From my info @ fcshirtsunited.com inbox this morning (yes, really):
My name is [redacted], I’m working as (AGENT) with the Liaoning Whowin FC. We are urgently looking for a coach for our Club.
Salary $31,000 per month, contract agreement 12months. If you are interested forward your Resume for assessment and contact me directly for further negotiation.
All I need to do is learn Chinese and move to Shenyang in China’s Liaoning Province. Oh, and learn to be a football coach, I suppose. Or, I can keep working on this site; to be competitive, I just need people to start buying about 1,000 shirts per day.
Fascinating story from The Economist: Little red card – The telling reasons why, at least in football, China is unlikely to rule the world in the near future.
The pass back to the goalkeeper seemed routine for Qingdao Hailifeng FC in its match against Sichuan FC in September 2009, even if the ball was struck a little too hard and the keeper only just managed to stop it running past him and into the net. Qingdao was safely ahead 3-0 with two minutes left in a meaningless match in China’s second division. What could be amiss?
Then a Qingdao assistant coach gestured for the keeper to come forward from the penalty area. Another Qingdao player promptly chipped the ball over him and towards the net, missing an own goal by inches. The final whistle blew soon afterwards.
Qingdao’s owner Du Yunqi was irate—at his team’s utter incompetence. As he would later admit to investigators, he had just lost a bet that there would be a total of four goals scored in the game. His humiliated assistant coach said on national television, “Afterward the boss was angry and scolded me, saying I bungled things and couldn’t even fix a match.”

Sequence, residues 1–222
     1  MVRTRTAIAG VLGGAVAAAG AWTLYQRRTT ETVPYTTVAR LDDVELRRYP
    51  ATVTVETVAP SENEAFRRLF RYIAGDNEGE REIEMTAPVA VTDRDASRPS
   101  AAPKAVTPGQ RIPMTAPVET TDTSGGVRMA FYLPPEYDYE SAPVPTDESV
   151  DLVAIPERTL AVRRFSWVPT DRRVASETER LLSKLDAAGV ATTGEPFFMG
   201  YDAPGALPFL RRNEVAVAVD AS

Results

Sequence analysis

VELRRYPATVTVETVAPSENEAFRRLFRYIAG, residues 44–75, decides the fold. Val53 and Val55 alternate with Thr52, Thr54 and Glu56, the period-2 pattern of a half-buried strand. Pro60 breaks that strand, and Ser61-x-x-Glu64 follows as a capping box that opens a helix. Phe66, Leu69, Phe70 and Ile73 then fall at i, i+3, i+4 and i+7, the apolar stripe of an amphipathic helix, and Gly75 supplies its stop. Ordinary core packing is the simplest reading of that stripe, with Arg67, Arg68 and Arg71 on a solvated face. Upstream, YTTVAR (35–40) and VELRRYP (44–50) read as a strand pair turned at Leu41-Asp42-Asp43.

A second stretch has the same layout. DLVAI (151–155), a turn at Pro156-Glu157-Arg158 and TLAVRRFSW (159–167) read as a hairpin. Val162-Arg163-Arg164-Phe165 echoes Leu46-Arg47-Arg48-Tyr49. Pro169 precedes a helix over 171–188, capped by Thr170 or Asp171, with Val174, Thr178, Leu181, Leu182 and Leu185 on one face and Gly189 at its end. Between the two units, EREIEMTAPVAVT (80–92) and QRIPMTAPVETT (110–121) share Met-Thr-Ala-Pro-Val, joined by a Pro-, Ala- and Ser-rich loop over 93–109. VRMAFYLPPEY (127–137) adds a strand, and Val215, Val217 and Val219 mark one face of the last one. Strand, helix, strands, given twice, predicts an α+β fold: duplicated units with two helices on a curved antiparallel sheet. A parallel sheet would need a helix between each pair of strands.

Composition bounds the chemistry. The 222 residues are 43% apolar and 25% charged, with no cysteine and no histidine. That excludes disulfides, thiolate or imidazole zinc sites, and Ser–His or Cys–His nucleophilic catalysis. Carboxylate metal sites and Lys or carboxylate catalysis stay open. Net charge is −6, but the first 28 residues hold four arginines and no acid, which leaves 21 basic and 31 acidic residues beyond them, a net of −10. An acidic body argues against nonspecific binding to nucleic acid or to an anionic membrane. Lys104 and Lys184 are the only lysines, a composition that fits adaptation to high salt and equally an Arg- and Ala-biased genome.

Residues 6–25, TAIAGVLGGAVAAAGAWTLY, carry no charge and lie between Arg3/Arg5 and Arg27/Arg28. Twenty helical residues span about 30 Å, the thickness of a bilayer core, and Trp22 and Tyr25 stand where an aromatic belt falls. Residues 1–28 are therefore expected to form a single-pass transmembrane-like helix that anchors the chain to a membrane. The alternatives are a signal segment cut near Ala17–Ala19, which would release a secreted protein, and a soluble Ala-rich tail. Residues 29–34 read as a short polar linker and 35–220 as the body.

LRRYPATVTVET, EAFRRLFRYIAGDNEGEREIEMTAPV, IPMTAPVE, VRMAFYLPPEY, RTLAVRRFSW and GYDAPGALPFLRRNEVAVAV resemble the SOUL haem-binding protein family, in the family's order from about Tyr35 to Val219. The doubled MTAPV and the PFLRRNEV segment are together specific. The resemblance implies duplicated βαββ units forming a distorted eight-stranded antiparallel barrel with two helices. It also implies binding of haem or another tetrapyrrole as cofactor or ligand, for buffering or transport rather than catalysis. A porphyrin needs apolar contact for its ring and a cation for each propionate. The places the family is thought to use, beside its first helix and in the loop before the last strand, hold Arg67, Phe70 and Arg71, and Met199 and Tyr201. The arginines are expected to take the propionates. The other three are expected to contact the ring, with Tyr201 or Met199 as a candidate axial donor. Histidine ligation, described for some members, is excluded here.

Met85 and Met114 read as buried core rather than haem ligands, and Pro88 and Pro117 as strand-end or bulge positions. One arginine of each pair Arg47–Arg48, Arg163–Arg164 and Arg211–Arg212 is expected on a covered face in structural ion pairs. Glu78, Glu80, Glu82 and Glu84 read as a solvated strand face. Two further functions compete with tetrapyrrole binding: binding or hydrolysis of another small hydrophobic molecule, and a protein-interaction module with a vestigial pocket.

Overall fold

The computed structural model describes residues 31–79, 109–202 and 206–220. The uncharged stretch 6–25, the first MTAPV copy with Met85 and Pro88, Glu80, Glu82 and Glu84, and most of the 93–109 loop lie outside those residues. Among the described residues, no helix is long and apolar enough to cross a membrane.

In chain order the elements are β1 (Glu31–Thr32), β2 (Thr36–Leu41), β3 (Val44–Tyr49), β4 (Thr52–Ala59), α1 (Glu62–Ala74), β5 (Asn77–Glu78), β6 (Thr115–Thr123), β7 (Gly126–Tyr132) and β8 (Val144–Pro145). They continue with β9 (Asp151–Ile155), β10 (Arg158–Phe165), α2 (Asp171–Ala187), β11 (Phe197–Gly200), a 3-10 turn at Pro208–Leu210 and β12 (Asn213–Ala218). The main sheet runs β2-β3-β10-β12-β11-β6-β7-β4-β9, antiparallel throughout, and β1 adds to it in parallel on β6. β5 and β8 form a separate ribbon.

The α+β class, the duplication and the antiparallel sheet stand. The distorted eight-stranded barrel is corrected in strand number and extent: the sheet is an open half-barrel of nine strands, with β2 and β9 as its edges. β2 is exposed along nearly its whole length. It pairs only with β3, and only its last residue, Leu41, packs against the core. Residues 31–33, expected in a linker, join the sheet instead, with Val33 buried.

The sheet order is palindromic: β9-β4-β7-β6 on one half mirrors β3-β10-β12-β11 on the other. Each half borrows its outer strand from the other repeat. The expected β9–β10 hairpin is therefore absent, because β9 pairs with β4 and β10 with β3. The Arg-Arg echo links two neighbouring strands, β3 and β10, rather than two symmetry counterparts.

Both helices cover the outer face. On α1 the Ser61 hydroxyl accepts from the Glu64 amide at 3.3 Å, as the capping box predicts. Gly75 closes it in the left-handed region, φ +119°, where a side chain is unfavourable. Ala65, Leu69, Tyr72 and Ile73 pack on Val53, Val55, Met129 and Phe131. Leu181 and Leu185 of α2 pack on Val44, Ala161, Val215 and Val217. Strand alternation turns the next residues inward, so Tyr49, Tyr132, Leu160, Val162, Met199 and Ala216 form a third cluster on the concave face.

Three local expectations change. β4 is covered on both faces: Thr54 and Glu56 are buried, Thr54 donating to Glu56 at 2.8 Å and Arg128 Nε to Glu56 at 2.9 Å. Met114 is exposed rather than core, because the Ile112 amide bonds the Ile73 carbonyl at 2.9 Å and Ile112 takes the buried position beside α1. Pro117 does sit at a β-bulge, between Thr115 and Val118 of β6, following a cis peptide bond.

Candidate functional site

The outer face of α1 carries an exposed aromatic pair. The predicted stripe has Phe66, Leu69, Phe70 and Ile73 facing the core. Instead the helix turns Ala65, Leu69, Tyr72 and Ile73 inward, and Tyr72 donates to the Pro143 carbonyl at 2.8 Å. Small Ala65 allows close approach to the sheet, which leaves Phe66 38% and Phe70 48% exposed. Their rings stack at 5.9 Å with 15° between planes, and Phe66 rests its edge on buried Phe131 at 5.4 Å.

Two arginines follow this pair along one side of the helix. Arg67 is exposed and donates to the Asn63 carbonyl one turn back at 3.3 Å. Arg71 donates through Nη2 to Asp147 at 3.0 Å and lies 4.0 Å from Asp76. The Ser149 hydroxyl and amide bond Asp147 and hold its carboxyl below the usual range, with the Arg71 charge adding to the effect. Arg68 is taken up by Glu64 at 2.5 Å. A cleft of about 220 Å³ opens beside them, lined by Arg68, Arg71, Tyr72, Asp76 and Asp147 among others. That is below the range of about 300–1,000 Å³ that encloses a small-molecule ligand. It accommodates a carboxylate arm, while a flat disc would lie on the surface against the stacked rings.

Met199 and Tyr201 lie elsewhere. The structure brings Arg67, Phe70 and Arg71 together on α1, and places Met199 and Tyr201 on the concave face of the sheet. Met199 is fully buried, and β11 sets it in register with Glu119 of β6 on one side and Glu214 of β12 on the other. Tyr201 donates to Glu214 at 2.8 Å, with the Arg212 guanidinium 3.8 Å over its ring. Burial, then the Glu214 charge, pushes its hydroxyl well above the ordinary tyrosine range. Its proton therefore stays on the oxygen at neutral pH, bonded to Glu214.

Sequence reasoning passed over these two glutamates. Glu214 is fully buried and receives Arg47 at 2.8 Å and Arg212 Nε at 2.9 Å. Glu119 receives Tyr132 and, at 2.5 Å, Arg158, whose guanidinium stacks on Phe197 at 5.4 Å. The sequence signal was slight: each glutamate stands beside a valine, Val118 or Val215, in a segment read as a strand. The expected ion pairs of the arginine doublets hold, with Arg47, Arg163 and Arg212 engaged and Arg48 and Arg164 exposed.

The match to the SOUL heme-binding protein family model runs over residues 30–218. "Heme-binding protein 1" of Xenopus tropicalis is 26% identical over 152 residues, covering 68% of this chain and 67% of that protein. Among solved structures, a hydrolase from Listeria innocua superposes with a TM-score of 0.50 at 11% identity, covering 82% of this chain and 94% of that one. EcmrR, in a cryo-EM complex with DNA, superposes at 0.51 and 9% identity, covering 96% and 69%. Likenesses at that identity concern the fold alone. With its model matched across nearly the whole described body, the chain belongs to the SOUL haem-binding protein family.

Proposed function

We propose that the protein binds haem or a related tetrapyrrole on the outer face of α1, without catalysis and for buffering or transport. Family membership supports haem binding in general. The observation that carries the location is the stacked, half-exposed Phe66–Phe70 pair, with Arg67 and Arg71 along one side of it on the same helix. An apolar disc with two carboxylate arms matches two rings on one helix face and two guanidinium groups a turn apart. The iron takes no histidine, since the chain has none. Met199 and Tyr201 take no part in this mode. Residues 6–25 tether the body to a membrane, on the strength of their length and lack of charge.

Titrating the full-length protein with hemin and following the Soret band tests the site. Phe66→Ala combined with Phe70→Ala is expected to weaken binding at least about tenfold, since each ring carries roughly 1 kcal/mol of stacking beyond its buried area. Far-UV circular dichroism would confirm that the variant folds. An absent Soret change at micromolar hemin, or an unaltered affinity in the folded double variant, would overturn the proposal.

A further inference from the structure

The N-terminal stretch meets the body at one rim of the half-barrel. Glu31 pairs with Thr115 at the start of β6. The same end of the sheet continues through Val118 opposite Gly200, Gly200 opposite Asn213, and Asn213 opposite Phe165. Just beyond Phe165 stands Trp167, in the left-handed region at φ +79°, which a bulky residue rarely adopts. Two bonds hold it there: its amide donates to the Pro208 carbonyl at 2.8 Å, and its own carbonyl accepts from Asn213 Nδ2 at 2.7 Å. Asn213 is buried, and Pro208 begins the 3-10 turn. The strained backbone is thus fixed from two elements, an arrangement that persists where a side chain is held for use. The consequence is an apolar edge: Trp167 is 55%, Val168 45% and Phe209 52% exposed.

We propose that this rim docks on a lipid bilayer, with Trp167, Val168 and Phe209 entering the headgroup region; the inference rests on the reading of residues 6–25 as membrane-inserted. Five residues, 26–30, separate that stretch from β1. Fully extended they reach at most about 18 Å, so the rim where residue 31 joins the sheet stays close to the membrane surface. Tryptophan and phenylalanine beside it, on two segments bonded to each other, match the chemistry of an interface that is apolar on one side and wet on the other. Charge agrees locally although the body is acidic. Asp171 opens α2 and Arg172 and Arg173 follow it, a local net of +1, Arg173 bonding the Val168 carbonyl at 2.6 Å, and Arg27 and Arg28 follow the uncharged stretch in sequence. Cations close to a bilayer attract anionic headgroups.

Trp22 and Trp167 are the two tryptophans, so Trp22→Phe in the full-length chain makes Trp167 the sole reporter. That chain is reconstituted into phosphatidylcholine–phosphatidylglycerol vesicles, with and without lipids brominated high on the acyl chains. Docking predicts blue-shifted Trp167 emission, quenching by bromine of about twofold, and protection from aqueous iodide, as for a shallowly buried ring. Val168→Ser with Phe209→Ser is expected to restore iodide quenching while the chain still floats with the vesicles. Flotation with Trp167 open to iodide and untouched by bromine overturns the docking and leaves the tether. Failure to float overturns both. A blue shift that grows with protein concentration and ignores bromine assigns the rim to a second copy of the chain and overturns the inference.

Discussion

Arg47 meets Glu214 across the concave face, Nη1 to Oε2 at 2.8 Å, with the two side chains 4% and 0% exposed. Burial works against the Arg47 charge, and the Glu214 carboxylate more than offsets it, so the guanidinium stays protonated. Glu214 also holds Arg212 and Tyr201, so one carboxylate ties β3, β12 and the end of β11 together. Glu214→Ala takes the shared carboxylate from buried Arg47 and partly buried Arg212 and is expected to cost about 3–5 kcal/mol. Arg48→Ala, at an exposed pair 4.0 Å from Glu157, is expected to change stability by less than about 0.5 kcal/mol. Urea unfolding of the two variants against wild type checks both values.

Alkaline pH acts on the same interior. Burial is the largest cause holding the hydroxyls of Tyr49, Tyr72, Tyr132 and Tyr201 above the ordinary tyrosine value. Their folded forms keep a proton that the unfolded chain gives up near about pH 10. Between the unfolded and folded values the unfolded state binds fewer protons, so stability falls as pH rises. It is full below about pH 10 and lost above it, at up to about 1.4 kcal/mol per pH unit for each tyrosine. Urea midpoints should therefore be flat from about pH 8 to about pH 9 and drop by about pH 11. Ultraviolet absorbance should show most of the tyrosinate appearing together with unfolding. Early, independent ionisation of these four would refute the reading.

Qingdao Hailifeng FC no longer exists; it was dissolved after being banned from the league in the wake of such max-fixing scandals.
Amid struggles to reform from such scandals, and general lack of support for a team sport in an Olympic, individual-sport-driven society, there has been increased investment recently in marquee players. Big names like Nicolas Anelka are going to ply their trade in China, for example. Also:
The Evergrande Real Estate Group, which is controlled by billionaire and Communist Party member Xu Jiayin, and which acquired the disgraced Guangzhou Pharmaceutical club in 2010, is spending money like Real Madrid. Guangzhou Evergrande FC pays generous salaries and victory bonuses, reducing players’ incentives to fix matches, and is building a huge football school.
Yeah, I do like that one.
I’ve highlighted the passages that mention club teams, so that I can show their crests. But most of this intriguing article has to do with the China national team, and with the wider acceptance of soccer in the country in general. Really interesting stuff, especially for fans in the US, where we sometimes have a bit of a soccer inferiority complex. The whole article is worth a read.
CNN International has the story: Chelsea’s Anelka to join Chinese club.
Chinese Super League club Shanghai Shenhua have pulled off an audacious transfer coup by signing former France international Nicolas Anelka from English team Chelsea.
…”This is not only good for Shenhua but also beneficial for Chinese football,” club spokesperson Ma Yue told CNN.
“The joining of Anelka to Football Association Super League will promote the League’s brand for sure.”
If you voted in this month’s FC Shirts United tournament, and paid any attention to the team bios, then Shanghai Shenhua might sound familiar. They are none other than a former Shanghai rival of Shaanxi Chanba, before that team moved from Shanghai to Xi’an.
Speaking of this month’s tournament, we’re more than halfway through the group stage now, so if you haven’t voted to narrow down to two finalists, do it now!
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